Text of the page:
Hike Summit: Deer Creek Trail
Special to the Daily
The Deer Creek watershed is created by the snowmelt of the Continental Divide, the eastern boundary of Summit County. Deer Creek descends through a valley that once supported several silver mines on Teller Mountain (12,602 feet). These mines include Lower Radical, Upper Radical, Arabella, Star of the West, Mohawk and Cashier.
The creek flows north in the valley east of Glacier Mountain (12,443 feet), an area famous for General Teller, Wild Irishman and Saints John mines.
The Deer Creek Trail begins close to where Deer Creek pours into the Snake River. In an area designated open for multiple uses, the hiking trail is actually an old mining road used for mountain biking, cross-country skiing and four-wheel-drive recreation.
From the trailhead, the hike is 4 miles total, from 10,600 feet to the Continental Divide at 12,600 feet. The 2,000-foot vertical ascent on hard-pack road takes about two hours — a typical intermediate Summit County hike.
Since the area is dense with a plethora of deer, elk, moose, ptarmigan and mountain goats, allowing dogs to be loose is not advisable. However, the Deer Creek area is general National Forest lands where dogs are legally allowed to run. Backcountry camping is allowed. Several established campsites are scattered in the lower valley, located within a short walk of Deer Creek to filter for drinking water. Local National Forest regulations require dispersed camping be set at least 100 feet from road, trail, or waterway, but established campsites that deviate slightly from the rule are generally acceptable. Campfires are allowed throughout the valley.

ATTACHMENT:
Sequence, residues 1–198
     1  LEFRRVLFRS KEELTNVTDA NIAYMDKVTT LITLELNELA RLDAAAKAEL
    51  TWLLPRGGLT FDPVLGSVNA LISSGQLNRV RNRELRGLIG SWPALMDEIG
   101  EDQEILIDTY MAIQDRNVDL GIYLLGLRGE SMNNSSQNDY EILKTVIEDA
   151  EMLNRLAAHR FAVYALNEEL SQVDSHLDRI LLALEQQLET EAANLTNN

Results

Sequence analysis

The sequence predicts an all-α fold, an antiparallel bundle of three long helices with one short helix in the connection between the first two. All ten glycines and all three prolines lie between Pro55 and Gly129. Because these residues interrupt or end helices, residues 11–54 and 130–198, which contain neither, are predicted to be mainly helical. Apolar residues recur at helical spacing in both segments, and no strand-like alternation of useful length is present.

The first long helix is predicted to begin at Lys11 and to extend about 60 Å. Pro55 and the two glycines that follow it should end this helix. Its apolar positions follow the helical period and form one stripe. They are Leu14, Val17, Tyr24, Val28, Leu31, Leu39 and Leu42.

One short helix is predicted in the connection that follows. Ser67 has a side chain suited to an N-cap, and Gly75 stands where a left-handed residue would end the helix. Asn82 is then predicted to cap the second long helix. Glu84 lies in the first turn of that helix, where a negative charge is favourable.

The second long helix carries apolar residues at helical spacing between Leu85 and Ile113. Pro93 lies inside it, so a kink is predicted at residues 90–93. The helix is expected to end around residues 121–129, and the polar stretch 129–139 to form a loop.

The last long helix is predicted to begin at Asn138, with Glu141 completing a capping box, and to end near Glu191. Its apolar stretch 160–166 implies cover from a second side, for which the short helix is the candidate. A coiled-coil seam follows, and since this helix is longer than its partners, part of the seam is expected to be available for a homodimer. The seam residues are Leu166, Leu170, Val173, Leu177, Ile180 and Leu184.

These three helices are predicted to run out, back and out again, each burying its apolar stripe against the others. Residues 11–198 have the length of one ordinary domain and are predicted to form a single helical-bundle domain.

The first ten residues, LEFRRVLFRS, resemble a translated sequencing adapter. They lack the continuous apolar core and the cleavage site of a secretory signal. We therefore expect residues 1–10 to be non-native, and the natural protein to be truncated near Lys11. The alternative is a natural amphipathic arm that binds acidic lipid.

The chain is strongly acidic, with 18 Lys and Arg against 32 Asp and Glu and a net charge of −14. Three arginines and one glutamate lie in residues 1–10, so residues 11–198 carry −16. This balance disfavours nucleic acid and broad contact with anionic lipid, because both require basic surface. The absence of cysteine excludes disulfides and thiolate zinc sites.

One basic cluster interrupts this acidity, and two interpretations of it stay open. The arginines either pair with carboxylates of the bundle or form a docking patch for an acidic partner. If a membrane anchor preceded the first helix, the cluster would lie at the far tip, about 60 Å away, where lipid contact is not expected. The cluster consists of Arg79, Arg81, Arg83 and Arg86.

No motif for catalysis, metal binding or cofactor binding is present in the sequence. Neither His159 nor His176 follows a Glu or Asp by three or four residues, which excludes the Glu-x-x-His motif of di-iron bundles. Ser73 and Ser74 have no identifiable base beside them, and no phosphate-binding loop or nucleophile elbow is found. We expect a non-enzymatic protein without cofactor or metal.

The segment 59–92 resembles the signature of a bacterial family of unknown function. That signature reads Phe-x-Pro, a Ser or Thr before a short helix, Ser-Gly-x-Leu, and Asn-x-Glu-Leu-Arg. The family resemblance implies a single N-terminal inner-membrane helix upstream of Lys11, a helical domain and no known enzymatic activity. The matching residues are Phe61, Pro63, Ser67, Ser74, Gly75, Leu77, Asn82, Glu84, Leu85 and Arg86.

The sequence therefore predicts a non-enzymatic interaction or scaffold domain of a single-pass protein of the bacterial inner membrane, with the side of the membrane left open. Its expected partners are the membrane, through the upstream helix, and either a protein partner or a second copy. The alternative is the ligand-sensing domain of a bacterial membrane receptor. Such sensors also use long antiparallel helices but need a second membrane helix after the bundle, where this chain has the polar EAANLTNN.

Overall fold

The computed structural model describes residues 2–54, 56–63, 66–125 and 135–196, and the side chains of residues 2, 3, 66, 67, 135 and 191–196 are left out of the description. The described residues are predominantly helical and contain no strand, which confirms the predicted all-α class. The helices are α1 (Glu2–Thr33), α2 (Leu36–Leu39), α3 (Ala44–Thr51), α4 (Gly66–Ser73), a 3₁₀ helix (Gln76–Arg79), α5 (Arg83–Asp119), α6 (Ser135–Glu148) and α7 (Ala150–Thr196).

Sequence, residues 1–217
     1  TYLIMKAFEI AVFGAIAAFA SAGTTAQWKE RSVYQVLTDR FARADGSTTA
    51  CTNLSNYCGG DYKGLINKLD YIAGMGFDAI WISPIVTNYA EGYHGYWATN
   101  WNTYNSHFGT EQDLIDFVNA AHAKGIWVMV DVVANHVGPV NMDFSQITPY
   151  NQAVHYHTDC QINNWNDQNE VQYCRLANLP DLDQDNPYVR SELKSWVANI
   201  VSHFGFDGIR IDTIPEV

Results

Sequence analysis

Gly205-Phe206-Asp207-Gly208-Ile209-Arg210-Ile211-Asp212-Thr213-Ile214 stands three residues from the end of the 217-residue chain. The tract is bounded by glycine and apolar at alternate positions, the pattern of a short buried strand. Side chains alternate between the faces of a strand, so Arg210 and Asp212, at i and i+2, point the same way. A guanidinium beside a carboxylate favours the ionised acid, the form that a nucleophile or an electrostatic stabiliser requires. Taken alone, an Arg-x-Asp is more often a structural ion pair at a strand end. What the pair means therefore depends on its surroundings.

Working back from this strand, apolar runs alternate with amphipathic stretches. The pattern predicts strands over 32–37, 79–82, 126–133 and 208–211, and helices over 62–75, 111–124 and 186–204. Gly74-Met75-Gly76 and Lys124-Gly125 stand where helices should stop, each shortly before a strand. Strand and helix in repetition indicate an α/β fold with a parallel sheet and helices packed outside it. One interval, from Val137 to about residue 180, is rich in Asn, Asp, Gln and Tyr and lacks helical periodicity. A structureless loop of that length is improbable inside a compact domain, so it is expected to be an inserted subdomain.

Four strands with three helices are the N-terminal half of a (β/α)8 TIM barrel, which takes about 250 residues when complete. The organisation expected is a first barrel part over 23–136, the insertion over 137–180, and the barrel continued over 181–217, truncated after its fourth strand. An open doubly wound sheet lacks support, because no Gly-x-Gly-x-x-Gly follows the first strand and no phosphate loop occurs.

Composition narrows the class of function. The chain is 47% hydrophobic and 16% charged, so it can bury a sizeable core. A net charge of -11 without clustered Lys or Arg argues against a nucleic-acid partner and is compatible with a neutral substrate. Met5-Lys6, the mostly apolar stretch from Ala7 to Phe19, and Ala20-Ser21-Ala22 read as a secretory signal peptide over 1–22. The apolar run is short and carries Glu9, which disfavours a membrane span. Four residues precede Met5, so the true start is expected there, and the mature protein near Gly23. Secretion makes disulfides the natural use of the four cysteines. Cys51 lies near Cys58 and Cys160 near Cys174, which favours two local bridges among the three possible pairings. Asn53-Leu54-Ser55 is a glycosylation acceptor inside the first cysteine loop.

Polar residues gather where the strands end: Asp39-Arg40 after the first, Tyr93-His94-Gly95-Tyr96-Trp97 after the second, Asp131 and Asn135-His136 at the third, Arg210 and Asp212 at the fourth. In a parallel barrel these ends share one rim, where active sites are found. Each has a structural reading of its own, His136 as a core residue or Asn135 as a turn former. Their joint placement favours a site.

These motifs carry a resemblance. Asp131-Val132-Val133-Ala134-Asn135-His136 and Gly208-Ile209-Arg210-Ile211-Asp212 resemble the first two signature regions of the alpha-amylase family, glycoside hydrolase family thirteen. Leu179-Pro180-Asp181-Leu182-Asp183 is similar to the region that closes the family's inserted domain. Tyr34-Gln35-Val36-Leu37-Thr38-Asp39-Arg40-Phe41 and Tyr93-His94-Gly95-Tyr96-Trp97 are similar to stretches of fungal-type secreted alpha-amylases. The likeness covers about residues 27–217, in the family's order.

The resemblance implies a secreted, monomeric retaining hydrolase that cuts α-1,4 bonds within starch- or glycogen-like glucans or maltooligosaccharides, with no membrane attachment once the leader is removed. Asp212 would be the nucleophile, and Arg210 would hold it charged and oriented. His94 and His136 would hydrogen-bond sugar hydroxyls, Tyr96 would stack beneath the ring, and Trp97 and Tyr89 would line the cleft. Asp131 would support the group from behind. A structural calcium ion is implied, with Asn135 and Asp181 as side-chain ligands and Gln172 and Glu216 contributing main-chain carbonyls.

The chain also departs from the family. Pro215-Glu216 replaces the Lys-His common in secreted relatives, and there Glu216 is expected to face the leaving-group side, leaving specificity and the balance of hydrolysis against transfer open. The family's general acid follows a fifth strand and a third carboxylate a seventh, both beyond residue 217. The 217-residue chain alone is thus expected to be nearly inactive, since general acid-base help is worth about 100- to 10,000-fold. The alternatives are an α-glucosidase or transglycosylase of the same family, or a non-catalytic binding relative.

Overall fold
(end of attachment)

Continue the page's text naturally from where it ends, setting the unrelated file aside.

Carry standard essentials in a day pack when taking this hike. Due to the exposed high-altitude tundra on the Continental Divide, take either a windbreaker or down jacket as well. Carrying 2 liters of water is not excessive, especially since there is no water source above tree line, which is about the last 1,000 feet of ascent. A high-energy snack, sunglasses, map or GPS, headlamp, pocket knife, adhesive bandages and cell phone are reasonable supplies. As with any outdoor adventure, pack out any trash and leave no trace of your visit.
The Deer Creek Trail rises quickly on switchbacks and past lush fields of wildflowers, including primrose, penstemon, Parry primrose, paintbrush, King’s Crown and mertensia chiming bells. In the higher tundra, frosty ball thistle and Old-Man-of-the-Mountain grow.
Once on the ridge, hike east along cliffs overlooking Park County, south of the Continental Divide. Walk east to Webster Pass and view the brilliant slopes of Red Cone (12,801 feet). North, beyond the Snake River and Peru Creek watersheds, the summits of Grays Peak (14,270 feet) and Torreys Peak (14,267 feet) should be visible. When the day is quiet, without motorized vehicle traffic and no harassing dogs, I have found ptarmigan among the stunted willow thickets and a herd of mountain goats comprising more than twenty nannies and kids.
How to get there
The drive from Silverthorne to the Deer Creek Trailhead beyond Montezuma is approximately 20 miles. From the I-70 interchange in Silverthorne, drive east to Keystone on U.S. Highway 6. At the bridge east of the Keystone Resort parking lot at River Run, exit to Montezuma Road. Ascend to the town of Montezuma and pass beyond it to a large winter recreation parking area. Continue on a mildly steep and rough gravel road. Drive carefully across water diversion berms and protruding rocks at a slow pace. Proceed from the Forest Service entrance to the Deer Creek watershed. You may park at the side of the road at an existing pull-out, without blocking access routes. Do not proceed across Deer Creek unless you have a low-gear, high-clearance, four-wheel-drive vehicle.
Kim Fenske has written extensively on hiking trails throughout Colorado. His writing includes “Greatest Hikes in Central Colorado: Summit and Eagle Counties” and “Hiking Colorado: Holy Cross Wilderness,” available from Amazon Kindle Books.
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